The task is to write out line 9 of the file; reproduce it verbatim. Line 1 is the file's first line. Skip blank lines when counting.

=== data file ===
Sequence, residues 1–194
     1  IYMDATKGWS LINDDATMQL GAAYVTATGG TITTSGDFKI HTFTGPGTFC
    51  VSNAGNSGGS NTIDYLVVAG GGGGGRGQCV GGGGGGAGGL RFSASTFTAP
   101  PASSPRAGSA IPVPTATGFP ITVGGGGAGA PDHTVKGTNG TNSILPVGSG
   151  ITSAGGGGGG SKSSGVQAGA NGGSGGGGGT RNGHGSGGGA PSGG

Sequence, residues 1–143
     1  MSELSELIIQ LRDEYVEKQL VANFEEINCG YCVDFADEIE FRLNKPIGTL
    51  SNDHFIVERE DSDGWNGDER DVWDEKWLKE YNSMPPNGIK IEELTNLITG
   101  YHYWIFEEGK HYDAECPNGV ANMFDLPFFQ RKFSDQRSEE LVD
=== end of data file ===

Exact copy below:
   101  YHYWIFEEGK HYDAECPNGV ANMFDLPFFQ RKFSDQRSEE LVD